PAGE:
Wednesday 6th January 2021
An Epiphany letter from the Vicar, Fr Kevin Morris
‘And they opened their treasures…’
As I write, it is Twelfth Night when, traditionally, the Christmas decorations are taken down. There is always something a little sad about doing this and added poignancy this year, when many people were unable to see loved ones for the usual Christmas celebrations or were struck down by COVID.
The 6th of January is the Feast of the Epiphany, the day when the Nativity story tells us that the Magi visited the infant Jesus. Famously, the poet T.S. Eliot reflected not just on their arrival but on the nature of their journey:
‘A cold coming we had of it,
Just the worst time of the year
For a journey, and such a long journey:
The ways deep and the weather sharp,
The very dead of winter.’
We might want to echo those sentiments ourselves as we begin our journey into 2021 and the difficulties and restrictions of last year give way to a lockdown in the new year. Thankfully the vaccines that have been developed give some light in the darkness and the hope of a return to some semblance of normality.
The Bishop of London responds to the new lockdown
In his statement on Monday, the Prime Minister detailed new restrictions in England to control the spread of COVID 19. The Bishop of London, Sarah Mullally, wrote to us in response to this, as follows:
“The Prime Minister’s words tonight underline the severity of the situation for the country, as the virus continues to spread rapidly. At a time like this, the Church is here to offer comfort and spiritual support to everyone. We have a duty to care for each other, but particularly those who are vulnerable or who may be most at risk.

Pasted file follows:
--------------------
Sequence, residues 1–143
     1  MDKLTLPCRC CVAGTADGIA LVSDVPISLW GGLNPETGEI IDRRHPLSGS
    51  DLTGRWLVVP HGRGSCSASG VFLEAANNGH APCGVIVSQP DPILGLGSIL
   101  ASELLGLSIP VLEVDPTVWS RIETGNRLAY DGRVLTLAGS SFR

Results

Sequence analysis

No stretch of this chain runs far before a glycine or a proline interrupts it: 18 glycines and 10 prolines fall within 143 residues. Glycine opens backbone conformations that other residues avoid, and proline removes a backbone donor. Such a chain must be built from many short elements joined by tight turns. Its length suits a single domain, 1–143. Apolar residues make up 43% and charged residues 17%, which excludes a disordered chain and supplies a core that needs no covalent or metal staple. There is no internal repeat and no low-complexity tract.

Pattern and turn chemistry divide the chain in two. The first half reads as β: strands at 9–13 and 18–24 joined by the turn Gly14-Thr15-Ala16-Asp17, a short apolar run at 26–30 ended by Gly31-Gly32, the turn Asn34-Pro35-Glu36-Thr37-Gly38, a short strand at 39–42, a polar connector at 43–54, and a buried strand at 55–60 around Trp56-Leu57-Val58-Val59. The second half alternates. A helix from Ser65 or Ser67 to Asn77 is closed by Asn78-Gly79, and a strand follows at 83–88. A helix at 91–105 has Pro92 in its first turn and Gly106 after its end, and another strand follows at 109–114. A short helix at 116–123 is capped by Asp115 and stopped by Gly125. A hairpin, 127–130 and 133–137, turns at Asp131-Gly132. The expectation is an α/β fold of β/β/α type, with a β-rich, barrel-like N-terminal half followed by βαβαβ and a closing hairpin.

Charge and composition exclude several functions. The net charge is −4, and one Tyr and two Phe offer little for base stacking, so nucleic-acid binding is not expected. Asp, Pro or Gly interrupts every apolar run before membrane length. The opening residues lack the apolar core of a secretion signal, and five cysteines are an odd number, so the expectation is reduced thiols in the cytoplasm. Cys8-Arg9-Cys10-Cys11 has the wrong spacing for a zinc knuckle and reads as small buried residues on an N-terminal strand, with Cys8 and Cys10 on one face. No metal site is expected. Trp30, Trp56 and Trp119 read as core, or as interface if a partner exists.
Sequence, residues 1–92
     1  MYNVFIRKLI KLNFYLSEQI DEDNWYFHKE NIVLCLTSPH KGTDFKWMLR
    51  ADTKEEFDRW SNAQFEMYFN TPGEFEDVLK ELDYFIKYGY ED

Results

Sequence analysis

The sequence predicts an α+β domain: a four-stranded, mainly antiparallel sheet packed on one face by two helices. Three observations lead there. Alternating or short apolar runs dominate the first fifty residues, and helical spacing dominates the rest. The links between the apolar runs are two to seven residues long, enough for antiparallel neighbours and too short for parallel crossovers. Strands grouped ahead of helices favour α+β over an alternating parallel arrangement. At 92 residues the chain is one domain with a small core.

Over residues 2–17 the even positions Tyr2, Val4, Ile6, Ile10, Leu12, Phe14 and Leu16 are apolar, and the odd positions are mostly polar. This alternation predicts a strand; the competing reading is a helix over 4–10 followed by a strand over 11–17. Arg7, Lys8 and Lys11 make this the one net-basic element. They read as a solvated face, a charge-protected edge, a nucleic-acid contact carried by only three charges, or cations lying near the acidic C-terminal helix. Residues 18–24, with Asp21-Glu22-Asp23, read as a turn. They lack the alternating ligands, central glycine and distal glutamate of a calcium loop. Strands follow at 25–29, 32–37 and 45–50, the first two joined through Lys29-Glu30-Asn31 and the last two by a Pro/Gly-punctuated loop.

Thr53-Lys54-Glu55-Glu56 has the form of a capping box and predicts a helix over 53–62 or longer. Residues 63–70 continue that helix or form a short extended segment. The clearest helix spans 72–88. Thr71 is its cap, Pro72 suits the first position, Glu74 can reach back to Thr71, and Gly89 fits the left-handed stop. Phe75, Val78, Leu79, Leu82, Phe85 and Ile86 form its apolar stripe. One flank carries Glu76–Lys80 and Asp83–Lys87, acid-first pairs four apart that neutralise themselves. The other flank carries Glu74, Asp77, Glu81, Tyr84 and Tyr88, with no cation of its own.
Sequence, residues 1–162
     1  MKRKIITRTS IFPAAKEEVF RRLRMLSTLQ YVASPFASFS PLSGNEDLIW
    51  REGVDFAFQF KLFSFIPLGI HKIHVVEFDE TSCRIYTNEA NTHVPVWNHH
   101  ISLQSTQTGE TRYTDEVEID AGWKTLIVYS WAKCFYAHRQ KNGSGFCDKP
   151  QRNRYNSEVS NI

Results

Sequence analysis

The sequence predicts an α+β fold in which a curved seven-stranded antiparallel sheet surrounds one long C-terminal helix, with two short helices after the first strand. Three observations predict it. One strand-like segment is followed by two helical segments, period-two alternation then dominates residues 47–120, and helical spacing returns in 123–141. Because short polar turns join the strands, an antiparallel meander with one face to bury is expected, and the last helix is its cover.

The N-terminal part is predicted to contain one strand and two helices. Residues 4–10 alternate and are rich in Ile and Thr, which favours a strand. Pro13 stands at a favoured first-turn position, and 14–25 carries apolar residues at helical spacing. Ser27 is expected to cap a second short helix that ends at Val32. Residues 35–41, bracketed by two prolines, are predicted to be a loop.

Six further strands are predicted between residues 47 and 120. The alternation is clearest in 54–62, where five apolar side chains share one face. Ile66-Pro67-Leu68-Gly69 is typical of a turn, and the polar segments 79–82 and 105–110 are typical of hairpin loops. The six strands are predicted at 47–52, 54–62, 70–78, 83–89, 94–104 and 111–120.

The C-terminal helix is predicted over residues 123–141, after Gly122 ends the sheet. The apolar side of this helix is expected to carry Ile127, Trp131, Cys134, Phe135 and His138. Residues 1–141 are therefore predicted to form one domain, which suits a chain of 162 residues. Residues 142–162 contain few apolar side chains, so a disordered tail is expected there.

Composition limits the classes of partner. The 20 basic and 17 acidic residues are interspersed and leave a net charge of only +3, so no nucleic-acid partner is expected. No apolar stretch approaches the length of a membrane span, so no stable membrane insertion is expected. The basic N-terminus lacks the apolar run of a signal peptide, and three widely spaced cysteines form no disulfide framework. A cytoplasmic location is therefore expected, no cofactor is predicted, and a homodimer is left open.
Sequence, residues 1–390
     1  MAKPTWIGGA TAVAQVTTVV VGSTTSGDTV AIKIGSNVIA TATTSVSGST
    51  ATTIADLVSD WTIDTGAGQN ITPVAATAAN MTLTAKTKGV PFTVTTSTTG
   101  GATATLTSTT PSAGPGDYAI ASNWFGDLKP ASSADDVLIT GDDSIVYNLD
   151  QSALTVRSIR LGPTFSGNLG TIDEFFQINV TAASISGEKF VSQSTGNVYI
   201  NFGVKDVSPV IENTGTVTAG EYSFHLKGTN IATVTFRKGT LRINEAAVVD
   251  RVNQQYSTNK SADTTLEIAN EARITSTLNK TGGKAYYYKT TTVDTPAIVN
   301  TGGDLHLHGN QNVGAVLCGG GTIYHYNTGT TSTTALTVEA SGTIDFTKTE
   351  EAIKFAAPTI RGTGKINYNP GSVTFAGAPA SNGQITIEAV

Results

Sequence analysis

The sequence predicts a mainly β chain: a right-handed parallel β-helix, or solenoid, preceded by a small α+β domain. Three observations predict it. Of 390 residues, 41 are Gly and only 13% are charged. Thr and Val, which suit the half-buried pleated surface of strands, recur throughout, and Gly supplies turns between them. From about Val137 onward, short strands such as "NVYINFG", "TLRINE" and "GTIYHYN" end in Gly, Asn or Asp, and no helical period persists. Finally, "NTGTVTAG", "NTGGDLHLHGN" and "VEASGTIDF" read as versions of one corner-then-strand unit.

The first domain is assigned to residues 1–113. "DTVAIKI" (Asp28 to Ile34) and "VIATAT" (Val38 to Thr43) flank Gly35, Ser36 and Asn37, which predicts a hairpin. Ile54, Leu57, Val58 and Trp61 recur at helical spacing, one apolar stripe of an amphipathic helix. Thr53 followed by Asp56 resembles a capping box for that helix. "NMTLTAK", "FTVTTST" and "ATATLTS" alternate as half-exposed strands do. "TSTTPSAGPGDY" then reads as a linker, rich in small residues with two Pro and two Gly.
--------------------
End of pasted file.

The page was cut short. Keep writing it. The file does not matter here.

“The Government has chosen not to suspend public worship in England at this time and we will continue to follow the guidance and ensure that churches remain as safe as possible. The Government guidance on the safe use of places of worship makes clear that those attending a place of worship must not mingle with anyone outside their household or support bubble.
“However, some may feel that it is currently better not to attend in person, and there will be parishes which decide to offer only digital services for the time-being. Clergy who have concerns, and others who are shielding, should take particular care and stay at home.
“I would urge everyone in our churches to pray for those on the front line in our public services - the NHS and those working in social care, for schools and many others on whom we depend; and for parents and carers of children at this anxious and stressful time.
“There is hope. The vaccination programme is underway and, as Christians, we have a deeper hope in God that comforts us beyond fear itself. As we have been remembering this Christmas Season, even in the midst of our darkest fears, that hope brings light.”
Churches Open for Public Worship and Attending Church
The decision to keep places of worship open highlights the deep concern for people’s spiritual and psychological well-being and, as Bishop Sarah says, we are here to ‘offer spiritual support and comfort to everyone.’
St Michael & All Angels and St Peter’s Acton Green will remain open for public worship and private prayer each day and the daily Mass and Sunday Mass will be live-streamed from today. (See details below). We have done our best to ensure that our holy spaces are COVID-secure.